* What's different here is that the secondary legislation has been passed (in March) that has given the UK copyright libraries the mechanism (agreed with publishers) to extend legal deposit to digital publications, which includes websites.

* This gives the legal deposit libraries the right to add to the national legal deposit collections (the collection of all published material for the UK) digital publications, including ebooks, ejournals and websites.

* Until the 6th of April 2013, we did not have the right (under normal copyright law) to take a copy of websites without permission. Previously we had to request a written agreement from each website we archived to take a copy - obviously this does not scale very far.

* Under the new legislation, we will be taking periodic copies of the entire .uk domain and other websites in other domains which fall under the regulation (territoriality has been difficult to define, as you may imagine).

* The difference between us and the Internet Archive is intended to be that given the status as a national collection, the material that we collect is intended to be available in perpetuity. Our print collections go back centuries, and the intention is that the digital material we collect now will also be available in centuries to come. You can read about the distributed redundant storage here.

TL;DR : this is a legal thing, not a technical thing, and it's about a lot more than websites.

about a year and a half ago
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Bezos Expeditions Recovers Pieces of Apollo 11 Rockets

illtud Re:I'm glad somebody is doing it (119 comments)

Newspaper archives. Presumably there would have been plenty of newspaper coverage (or ads) for the tour. If NLNZ don't offer remote access to in-copyright newspaper archives, then they probably have an enquiry service that can look it up for you if you can't pop in to search them yourself. I'm assuming that there are indexed newspaper archives, but the enquiry service should be able to find our for you even if they have to flip pages themselves, your National Library is pretty good.

about a year and a half ago
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The Power of a Hot Body

illtud Re:Matrix (161 comments)

Termites nest have a strict regulated temperature (like 1 degree Celsius strict) without any ventilation or air-conditioners.

Termite nests have great ventilation!

about 2 years ago
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Electrical Grid Hum Used To Time Locate Any Digital Recording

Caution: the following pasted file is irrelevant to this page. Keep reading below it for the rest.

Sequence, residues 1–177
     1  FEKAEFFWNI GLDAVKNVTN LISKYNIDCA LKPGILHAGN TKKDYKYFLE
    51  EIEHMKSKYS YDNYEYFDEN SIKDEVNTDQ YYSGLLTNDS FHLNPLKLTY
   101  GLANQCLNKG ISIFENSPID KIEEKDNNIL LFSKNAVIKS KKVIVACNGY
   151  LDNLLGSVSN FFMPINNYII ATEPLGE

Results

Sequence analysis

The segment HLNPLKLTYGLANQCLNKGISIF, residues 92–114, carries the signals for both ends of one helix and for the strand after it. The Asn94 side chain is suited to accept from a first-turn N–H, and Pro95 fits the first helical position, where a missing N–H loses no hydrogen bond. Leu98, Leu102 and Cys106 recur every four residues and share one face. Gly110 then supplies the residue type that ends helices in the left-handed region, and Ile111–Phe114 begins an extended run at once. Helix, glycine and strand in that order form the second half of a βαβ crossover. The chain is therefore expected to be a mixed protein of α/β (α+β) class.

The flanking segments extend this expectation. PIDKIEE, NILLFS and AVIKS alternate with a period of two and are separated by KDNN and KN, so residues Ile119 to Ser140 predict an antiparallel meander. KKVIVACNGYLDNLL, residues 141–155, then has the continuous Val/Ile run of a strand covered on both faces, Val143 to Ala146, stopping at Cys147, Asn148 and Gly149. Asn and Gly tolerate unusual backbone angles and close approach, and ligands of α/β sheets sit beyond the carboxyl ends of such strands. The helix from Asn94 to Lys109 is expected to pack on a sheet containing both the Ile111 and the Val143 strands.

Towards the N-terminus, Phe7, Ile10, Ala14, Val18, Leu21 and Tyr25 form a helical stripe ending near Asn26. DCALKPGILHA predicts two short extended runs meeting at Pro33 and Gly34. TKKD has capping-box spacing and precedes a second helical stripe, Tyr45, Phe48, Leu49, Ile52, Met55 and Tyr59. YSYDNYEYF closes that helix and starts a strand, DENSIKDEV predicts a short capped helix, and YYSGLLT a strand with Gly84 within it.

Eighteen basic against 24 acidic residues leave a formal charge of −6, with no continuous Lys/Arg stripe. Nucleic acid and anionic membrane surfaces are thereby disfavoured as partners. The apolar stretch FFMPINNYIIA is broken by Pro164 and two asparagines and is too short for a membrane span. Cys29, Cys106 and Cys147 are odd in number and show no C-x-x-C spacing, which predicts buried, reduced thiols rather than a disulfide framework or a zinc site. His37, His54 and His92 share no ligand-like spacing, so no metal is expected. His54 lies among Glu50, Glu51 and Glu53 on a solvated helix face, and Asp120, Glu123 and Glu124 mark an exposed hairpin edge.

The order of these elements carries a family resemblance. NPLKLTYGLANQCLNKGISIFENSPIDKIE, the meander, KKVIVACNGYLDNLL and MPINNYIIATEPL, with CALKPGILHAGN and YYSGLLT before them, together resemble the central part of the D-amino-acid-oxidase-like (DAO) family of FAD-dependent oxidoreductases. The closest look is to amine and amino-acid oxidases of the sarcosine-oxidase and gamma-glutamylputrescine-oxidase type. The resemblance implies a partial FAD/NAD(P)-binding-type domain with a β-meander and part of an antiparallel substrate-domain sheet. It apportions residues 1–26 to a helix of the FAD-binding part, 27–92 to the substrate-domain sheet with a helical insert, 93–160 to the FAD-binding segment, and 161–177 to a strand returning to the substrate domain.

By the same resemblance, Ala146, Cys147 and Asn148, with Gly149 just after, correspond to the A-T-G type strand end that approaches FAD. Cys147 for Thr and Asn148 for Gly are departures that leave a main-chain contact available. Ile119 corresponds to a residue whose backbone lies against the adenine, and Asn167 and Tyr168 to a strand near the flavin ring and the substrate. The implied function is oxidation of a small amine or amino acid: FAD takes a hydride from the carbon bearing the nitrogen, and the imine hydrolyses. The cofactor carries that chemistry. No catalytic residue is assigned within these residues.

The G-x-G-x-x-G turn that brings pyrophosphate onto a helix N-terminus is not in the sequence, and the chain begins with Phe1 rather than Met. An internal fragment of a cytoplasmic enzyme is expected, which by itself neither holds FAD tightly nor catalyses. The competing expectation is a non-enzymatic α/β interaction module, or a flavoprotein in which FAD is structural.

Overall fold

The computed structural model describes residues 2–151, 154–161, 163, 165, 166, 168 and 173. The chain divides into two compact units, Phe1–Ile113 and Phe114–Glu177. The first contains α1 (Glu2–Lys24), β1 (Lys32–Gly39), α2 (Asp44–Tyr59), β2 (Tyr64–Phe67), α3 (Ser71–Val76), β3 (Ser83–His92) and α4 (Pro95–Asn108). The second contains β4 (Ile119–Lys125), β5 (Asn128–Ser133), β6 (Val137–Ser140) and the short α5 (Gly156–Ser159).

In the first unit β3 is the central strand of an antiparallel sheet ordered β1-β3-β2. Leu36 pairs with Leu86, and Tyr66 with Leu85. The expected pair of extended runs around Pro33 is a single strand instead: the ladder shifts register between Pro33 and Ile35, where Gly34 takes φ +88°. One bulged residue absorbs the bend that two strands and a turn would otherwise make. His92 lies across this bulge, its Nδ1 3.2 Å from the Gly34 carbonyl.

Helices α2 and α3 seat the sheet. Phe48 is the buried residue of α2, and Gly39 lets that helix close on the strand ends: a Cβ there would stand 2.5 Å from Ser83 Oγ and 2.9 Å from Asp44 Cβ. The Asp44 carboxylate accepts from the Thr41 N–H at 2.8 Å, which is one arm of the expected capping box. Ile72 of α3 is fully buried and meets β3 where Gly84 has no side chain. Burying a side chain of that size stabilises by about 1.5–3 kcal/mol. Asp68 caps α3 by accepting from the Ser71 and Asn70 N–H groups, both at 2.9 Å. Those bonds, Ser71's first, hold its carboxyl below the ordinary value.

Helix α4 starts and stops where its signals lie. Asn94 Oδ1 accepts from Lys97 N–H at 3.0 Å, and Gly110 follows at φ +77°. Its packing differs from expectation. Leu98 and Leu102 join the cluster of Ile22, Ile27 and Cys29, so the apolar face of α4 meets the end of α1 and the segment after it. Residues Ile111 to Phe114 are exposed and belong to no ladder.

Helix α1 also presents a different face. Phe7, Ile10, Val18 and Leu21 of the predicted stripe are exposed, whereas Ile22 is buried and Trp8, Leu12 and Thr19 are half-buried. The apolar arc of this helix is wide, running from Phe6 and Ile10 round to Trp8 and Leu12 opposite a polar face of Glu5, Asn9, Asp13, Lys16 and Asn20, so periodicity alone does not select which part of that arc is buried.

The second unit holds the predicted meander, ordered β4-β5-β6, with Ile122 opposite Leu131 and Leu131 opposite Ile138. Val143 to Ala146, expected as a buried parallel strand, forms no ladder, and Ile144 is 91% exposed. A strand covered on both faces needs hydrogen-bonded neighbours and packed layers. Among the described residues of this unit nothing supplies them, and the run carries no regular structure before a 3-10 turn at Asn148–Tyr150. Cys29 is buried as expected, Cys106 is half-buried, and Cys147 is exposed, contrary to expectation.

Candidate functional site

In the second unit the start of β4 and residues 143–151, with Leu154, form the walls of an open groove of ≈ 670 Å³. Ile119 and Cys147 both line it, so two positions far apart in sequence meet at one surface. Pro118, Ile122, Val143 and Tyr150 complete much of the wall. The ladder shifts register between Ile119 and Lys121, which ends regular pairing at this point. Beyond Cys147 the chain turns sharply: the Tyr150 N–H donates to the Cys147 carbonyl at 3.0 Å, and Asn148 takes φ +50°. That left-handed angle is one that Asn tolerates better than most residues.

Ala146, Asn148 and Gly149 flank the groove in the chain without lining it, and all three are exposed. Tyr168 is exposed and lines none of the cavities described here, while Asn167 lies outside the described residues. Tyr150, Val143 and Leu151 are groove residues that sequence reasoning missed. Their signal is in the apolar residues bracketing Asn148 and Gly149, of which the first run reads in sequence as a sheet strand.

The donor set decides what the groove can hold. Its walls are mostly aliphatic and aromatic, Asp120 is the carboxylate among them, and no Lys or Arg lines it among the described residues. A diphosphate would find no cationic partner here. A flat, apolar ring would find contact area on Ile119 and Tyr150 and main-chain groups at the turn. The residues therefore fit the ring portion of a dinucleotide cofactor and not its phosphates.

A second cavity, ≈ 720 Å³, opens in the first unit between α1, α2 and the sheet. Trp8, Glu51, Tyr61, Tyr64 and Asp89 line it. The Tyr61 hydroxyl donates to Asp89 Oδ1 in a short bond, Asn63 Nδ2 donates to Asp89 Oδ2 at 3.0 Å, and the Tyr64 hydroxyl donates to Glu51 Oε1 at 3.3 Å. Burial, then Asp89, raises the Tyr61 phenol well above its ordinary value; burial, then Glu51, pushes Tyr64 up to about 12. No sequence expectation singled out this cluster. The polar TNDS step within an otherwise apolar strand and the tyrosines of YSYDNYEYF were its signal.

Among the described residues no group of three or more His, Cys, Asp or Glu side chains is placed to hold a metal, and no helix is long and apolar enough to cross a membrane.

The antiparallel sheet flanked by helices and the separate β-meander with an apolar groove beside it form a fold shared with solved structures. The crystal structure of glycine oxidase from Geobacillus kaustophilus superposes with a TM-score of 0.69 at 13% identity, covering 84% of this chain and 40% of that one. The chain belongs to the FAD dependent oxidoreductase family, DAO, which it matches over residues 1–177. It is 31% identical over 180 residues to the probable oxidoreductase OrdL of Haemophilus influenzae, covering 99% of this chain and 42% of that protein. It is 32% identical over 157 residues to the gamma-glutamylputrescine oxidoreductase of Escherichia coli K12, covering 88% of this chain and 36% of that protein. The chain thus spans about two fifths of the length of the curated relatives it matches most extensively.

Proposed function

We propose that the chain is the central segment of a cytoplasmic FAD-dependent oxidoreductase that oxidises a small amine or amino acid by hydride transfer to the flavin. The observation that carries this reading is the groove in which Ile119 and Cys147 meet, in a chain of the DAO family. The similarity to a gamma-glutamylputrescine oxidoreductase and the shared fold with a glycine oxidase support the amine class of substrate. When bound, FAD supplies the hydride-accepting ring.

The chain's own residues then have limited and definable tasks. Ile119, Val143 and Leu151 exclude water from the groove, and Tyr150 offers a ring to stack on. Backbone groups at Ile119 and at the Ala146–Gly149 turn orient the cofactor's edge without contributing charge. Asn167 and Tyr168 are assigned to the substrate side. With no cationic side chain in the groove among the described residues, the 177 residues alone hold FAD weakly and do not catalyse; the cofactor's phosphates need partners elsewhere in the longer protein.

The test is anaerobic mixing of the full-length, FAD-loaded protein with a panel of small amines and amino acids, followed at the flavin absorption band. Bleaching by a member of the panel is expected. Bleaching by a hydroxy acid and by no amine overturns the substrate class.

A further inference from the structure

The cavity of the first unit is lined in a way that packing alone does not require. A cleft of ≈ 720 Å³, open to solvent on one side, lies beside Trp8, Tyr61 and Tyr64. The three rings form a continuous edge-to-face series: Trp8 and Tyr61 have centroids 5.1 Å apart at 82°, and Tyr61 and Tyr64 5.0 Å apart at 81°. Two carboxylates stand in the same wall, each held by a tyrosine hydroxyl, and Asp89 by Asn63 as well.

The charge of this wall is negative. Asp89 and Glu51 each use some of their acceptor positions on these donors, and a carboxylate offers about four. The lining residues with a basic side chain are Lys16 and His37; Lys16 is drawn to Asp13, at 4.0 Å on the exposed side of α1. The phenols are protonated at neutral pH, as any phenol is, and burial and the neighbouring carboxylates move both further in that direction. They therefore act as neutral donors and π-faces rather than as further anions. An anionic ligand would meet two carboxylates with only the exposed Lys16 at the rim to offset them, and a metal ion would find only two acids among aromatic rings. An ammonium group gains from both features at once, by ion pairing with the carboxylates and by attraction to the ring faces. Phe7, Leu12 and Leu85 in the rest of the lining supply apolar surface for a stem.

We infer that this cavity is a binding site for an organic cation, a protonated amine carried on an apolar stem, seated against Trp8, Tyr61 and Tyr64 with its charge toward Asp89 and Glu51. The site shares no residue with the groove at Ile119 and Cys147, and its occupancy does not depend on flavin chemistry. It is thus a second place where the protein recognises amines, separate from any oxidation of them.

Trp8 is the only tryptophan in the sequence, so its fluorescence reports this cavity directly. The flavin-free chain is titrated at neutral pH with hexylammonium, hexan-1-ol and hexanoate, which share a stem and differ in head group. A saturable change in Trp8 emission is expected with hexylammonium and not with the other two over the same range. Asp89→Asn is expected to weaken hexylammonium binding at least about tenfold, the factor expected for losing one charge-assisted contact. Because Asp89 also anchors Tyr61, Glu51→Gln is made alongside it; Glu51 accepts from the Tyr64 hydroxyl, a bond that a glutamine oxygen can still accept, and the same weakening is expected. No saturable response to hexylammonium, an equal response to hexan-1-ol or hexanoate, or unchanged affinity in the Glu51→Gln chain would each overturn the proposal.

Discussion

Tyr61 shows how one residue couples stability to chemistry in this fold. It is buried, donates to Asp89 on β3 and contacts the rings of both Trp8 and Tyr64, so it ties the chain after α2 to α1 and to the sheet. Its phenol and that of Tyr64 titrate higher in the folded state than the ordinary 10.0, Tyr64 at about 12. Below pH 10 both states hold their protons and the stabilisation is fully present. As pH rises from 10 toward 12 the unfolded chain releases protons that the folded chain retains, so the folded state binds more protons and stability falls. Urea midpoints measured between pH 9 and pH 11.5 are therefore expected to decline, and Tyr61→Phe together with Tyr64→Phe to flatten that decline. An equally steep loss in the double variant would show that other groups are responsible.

illtud Re:Great... (168 comments)

submitter here. In my original submission I made this point too. Editor obviously thought that wasn't worth mentioning.

about 2 years ago
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Electrical Grid Hum Used To Time Locate Any Digital Recording

illtud Re:Dupe (168 comments)

Submitter here. I saw the dupe in firehose - it wasn't posted at the time I submitted, and I didn't feel it picked up on the important part of the story - ie the time location of any recording.

about 2 years ago
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The Scourge of Error Handling

illtud Re:third option: callbacks (536 comments)

jQuery.ajax(url, {
success: function(data, textStatus, jqXHR){ ... },
error: function(jqXHR, textStatus, errorThrown)) { ... }
);

No return, no exception, the programmer decides how to handle it.

What is success/error here if not handling return values??

about 2 years ago

Submissions

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Mains hum used to time locate any digital recording

illtud illtud writes  |  about 2 years ago

illtud (115152) writes "Heard this on BBC Radio 4 last night, and I'm not sure what to make of it. It appears that the Metropolitan Police in London have been recording the frequency of the mains supply for the past 7 years. With this, they claim to be able to pick up the hum from any digital recording and tell when the recording was made.

I know the mains drifts in frequency, but I'm sceptical about a couple of things and I wondered if /. readers could help:

Does it really drift enough within a typical length of a recording for you to be able to fingerprint it from the frequency history?

Is the frequency totally constant across the UK grid?

If this is on the level, then hats off to them, I'm very impressed, and also surprised that they've publicised it. Note to future kidnappers — make your ransom tape outdoors on a battery operated device!"

Link to Original Source
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DHS will ow vets UK air passengers to Mexico, Canada, Cuba

illtud illtud writes  |  more than 2 years ago

illtud (115152) writes "From April, EU passengers flying to Mexico, Eastern Canada or Cuba will have to submit their details at least 72 hours before boarding to the Department of Homeland Security for pre-flight vetting (as all passengers to the US have had to do for a while). If they find against you, you're not getting on the plane, even though you're not going to the US.

The Independent's (UK quality newspaper) has the story here:http://www.independent.co.uk/travel/news-and-advice/planning-a-trip-to-canada-or-the-caribbean-us-immigration-may-have-other-ideas-7584912.html"

Link to Original Source